What does the New York Times redesign say about its self-image?
In the words of the paper's Design Director Tom Bodkin, the goal of the new design was to mete out change—but not too much. "We wanted to appear traditional but less old-fashioned," he was quoted as saying in the Oct. 21 article. That's a precise choice of words, to say the least: The space between traditional and old-fashioned may be a narrow one, but it's exactly where the Times has always felt most comfortable.
Bodkin's quote suggests that the paper took the changes seriously, and it leads naturally to speculation about the debate that must have gone on inside the Times building about the new design. Consider a section later in the same article that took pains to note that the "new styles were chosen from numerous options commissioned by Joseph Lelyveld, executive editor, before his retirement in 2001. Final approval was given by the current executive editor, Bill Keller."
One name is conspicuously absent from those sentences—Howell Raines, who held the executive editor post in between the two men. It makes sense that Lelyveld and Keller, both of whom are known for an even-keeled style, might not have favored design changes that looked too racy; monogamy, typographical or otherwise, would seem to suit them just fine. But what about Raines, the editor who oversaw the rise and fall of Jayson Blair and Rick Bragg, who put Britney and Botox on the front page and seemed to thrive on upheaval? Somehow it's harder to imagine him agreeing to all Cheltenham, all the time.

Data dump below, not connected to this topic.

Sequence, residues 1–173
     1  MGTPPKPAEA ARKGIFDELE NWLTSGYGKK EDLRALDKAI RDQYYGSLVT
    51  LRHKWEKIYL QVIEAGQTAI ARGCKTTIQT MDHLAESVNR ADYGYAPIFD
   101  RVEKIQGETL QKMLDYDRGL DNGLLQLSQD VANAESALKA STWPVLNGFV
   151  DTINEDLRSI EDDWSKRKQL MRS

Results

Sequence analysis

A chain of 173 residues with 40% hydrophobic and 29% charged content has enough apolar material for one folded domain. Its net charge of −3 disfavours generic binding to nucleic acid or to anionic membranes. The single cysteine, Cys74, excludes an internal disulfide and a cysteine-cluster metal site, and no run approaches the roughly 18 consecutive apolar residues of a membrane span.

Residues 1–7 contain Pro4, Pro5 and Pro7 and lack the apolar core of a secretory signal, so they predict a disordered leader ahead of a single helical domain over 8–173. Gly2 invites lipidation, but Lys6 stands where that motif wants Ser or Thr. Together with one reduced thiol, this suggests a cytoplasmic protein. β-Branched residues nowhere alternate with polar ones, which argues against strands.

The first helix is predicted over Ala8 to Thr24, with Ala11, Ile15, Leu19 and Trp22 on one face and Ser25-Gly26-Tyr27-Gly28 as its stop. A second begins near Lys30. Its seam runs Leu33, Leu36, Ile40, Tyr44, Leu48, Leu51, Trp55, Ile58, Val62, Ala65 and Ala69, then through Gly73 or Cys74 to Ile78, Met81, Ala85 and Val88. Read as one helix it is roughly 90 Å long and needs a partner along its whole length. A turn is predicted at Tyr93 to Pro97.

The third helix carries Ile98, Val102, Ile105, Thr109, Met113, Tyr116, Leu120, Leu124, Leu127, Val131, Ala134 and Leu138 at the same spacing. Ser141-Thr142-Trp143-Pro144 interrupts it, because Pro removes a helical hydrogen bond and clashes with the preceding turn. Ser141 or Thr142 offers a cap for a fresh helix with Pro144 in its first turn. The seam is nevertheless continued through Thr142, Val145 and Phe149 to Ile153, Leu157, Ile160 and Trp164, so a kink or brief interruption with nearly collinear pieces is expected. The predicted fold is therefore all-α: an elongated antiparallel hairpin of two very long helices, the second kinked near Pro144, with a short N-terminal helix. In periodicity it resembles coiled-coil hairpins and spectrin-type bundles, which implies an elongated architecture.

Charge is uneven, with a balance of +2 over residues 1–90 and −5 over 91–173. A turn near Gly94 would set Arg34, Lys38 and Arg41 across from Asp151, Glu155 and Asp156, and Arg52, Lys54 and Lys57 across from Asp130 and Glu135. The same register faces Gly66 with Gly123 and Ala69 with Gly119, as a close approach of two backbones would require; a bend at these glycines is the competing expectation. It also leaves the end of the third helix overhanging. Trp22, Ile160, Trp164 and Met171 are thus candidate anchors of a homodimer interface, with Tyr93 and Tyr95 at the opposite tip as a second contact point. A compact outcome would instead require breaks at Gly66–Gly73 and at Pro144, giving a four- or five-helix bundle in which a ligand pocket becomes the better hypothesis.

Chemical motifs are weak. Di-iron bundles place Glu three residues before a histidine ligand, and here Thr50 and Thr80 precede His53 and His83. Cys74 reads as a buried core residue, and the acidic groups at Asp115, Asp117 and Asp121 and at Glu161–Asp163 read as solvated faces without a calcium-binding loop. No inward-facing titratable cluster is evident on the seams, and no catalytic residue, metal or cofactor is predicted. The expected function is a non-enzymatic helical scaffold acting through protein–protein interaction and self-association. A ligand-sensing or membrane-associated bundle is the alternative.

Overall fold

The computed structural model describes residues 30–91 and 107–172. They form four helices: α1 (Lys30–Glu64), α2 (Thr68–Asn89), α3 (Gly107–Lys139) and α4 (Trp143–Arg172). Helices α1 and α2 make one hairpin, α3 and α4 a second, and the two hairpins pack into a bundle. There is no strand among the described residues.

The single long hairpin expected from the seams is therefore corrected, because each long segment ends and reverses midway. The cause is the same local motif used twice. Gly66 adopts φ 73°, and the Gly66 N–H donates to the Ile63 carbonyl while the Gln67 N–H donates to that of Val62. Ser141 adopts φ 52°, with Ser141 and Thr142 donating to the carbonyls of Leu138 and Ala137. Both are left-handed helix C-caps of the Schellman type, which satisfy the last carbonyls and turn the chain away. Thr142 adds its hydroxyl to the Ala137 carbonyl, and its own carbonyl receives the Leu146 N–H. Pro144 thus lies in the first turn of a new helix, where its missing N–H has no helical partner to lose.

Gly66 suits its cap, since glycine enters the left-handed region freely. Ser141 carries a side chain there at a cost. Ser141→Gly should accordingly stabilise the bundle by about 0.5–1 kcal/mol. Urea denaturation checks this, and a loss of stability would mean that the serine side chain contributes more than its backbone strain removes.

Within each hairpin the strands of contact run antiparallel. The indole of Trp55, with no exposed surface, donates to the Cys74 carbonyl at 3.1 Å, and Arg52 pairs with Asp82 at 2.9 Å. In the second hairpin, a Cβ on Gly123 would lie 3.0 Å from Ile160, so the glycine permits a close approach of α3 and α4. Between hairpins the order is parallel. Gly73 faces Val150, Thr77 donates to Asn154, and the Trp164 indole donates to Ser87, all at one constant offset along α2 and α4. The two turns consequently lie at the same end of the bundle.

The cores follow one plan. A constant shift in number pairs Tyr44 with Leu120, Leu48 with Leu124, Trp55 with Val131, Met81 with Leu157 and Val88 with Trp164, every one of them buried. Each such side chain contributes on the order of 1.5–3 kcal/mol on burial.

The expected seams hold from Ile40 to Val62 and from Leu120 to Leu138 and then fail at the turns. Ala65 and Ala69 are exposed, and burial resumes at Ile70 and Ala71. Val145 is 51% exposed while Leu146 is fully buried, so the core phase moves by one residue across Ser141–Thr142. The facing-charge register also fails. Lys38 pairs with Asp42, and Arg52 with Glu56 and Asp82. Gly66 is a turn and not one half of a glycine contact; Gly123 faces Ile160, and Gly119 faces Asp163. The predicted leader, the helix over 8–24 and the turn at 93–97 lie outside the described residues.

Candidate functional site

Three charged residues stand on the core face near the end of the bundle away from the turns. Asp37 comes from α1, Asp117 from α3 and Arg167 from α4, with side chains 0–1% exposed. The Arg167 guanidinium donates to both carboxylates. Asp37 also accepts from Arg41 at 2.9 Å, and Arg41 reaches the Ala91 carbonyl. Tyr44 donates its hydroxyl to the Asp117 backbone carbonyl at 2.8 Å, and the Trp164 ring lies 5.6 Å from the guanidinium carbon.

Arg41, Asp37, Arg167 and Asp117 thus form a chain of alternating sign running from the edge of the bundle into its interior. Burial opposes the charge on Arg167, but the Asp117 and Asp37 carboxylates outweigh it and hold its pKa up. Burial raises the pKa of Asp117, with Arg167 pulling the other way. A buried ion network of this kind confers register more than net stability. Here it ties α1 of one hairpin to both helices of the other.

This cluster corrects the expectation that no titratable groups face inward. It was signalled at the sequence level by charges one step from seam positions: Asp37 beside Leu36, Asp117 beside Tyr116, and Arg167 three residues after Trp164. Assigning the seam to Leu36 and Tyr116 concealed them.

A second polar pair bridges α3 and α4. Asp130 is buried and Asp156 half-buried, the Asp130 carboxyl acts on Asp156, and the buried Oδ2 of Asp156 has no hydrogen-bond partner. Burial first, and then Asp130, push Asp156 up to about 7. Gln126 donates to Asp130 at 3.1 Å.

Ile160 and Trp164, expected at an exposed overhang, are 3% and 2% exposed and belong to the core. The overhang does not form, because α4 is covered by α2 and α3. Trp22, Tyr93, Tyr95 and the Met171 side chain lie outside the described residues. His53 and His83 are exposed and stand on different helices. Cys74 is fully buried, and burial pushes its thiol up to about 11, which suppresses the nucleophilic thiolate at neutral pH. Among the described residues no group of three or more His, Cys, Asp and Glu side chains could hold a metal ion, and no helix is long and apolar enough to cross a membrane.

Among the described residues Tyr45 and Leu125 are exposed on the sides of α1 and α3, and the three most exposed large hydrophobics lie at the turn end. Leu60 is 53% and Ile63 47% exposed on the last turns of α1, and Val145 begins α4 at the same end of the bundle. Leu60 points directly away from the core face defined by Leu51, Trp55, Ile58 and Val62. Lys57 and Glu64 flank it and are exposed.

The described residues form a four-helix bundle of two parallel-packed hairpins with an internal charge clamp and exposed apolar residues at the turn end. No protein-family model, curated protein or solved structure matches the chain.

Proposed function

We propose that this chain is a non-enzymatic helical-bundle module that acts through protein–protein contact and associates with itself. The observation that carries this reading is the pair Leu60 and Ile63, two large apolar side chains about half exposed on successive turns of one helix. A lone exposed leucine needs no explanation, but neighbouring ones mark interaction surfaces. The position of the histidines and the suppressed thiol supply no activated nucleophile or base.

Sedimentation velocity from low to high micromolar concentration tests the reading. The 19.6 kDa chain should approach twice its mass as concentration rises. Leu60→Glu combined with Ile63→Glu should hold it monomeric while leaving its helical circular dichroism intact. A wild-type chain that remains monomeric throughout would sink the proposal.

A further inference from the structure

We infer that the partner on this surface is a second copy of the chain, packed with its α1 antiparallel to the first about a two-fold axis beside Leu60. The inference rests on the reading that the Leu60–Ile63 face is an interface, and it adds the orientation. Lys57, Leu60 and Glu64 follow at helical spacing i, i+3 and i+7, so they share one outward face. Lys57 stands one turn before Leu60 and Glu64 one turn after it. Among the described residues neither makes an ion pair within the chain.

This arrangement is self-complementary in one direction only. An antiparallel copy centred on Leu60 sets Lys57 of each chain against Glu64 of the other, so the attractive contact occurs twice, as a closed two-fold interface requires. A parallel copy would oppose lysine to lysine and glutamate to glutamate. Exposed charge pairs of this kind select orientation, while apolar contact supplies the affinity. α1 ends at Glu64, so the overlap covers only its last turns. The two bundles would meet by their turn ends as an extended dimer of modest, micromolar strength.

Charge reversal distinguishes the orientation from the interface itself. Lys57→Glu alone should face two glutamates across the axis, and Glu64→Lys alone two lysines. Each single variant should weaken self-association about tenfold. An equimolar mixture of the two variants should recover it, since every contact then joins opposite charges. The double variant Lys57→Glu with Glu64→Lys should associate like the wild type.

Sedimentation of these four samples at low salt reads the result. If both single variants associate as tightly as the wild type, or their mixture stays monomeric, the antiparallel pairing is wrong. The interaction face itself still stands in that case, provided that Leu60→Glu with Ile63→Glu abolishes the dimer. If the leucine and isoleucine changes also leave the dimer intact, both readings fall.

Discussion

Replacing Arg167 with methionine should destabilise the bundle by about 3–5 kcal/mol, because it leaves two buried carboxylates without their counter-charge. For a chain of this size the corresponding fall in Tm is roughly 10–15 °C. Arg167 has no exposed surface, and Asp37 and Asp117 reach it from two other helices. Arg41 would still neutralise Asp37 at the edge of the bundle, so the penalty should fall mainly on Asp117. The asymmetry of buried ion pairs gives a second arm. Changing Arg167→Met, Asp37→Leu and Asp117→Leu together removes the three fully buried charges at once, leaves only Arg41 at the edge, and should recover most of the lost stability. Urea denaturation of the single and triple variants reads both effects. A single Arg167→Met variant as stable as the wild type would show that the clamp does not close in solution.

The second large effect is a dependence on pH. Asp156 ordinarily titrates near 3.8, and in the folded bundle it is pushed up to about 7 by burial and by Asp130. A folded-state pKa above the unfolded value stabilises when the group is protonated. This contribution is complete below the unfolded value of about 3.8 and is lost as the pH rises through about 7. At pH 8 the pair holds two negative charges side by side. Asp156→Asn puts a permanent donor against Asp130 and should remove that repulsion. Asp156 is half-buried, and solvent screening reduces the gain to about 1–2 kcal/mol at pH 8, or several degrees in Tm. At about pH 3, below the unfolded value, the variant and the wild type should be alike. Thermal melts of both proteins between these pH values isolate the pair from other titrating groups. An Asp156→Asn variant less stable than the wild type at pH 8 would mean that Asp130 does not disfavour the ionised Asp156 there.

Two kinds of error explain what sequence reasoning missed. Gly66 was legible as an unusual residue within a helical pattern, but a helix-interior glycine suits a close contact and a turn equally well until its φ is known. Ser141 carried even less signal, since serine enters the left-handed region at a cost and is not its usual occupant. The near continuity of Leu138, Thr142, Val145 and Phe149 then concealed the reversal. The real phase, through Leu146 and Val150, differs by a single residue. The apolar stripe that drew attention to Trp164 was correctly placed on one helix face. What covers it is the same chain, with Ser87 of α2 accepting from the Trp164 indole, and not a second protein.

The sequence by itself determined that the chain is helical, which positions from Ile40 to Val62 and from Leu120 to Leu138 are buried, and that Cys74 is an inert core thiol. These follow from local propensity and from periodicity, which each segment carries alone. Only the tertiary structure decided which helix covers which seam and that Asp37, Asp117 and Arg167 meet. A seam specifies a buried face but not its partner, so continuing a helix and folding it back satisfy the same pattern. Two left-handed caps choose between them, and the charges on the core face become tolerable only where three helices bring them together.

Correction, Nov. 6, 2003: The article originally stated that the Times announced its redesign on Page A8. In fact, the article ran on Page C9. (Return to the corrected sentence.) In one instance, the article also misidentified the New York Times' new typeface of choice as Bookman when the correct name is Cheltenham. (Return to the corrected sentence.)
Christopher Hawthorne is the architecture critic for the Los Angeles Times.